Move. That’s what this says to me. Not the kind of moving that keeps you busy or helps you run away from the difficult things. Move, in the presence of terrible and beautiful truth. Do something. We can’t fix it, that’s not our job, but we can act. We are called to love one another. With all the little things we do, we are constantly forming who we are. The Church is alive, and in the world, not just a liturgy on Sunday. There is plenty of hope in the world, because God is here. Lets move, out of our comfort zones, out of our inward focus, out of our attitudes of scarcity. Lets see what we can do, where we can go, who we can touch, who we can become.

Friday, September 4, 2009

A Song of the Saints of God

“I sing a song of the saints of God, patient and brave and true, who toiled and fought and lived and died for the Lord they loved and knew.”

In mission work, in life in general I suppose, there is always juxtaposition of states of being: joy and sorrow, hope and despair, love and fear, beauty and horror. They exist side by side, often in the same situations. The tension then is trying to hold these separate experiences of the world at the same time, and recognizing the presence of God there in the midst of it.

In the last few weeks, the Episcopal Church of Sudan has suffered two terrible attacks. One in the diocese of Ezo (on the border with Democratic Republic of the Congo and Central African Republic), and one in the diocese of Twic East (northern Jonglei state). In Ezo, there has been a renewed ferocity of attacks by the LRA (rebels/terrorists of northern Uganda) in the last few weeks. People have fled to the town center of Ezo for protection, but even there the LRA attacked. The bishop, the diocesan staff and 12 of their parishes are currently displaced. On August 12-13 there was an attack on Ezo town by the LRA. The ECS church was attacked, a lay reader was killed, and 8 Sunday school children were abducted by the LRA. The LRA are known for forcing children to become soldiers, and the torture of those they kill or abduct.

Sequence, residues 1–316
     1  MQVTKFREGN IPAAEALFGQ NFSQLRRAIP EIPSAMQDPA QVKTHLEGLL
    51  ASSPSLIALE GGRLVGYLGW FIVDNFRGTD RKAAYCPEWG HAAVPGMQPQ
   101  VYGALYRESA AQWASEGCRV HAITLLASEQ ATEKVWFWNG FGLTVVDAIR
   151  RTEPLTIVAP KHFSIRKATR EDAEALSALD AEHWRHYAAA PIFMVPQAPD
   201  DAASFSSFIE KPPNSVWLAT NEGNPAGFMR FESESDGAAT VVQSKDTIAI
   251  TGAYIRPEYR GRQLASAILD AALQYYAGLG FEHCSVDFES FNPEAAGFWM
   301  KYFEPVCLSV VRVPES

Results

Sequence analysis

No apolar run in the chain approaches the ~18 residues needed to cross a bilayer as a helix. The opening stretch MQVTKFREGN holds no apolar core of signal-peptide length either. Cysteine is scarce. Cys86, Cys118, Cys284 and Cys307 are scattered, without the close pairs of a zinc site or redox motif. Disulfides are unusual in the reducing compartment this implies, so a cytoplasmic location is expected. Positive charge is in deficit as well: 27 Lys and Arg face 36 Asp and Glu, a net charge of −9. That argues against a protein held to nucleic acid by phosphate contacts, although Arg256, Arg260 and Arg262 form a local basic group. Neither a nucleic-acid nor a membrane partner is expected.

In Twic East diocese there was an attack by approximately a thousand heavily armed militia on the village of Wernyol and the surrounding area, on August 29. More than 40 people were killed in the area, and the ECS Archdeacon Joseph Mabior Garang, was among the dead. He was killed in the church in Wernyol while leading morning prayer.

More than two thousand have died in south Sudan in increasing internal conflict since April. See Archbishop Daniel Deng Bul’s appeal regarding these recent events:

I received the news of these two attacks after returning from a wonderful trip to two dioceses on the border with northern Sudan last Saturday. The news, devastating in itself, also adds to the growing despair people here feel about the instability of the peace. Where is God in all this? How can we reconcile these events with the image of our loving God? And why is it that I come back to this question after asking it so many times in the past?

In the last 25 years, more than two and a half million people died in the war in south Sudan. The Church in Sudan is not a stranger to suffering and death, imprisonment and martyrdom. And yet many of the bishops and leaders in the church who I know are people full of a deep and contagious joy. Despite the existence of such horror and despair in the past and present, joy, peace, love, and hope are very much alive in the hearts of these men and women. I am learning from them that a heart full of this mysterious joy, is something that cannot be taught, but must be gained through prayer and experience. In the journey of our lives, each discovery of redemption, each experience of the presence of hope in the face of despair, love in the face of fear, joy in the face of pain, teaches us about God.

Here God is, in the joy and hope of those wise souls who have gone and continue to go before us, walking with God in humility and patience. We have much to learn from these saints of God. “The world is bright with the joyous saints who love to do Jesus will”.

We are each a part of the body of Christ alive in the world today. How will we live into that calling today? Perhaps we should start by finishing the song…. “The saints of God are just folk like me, and I mean to be one too!”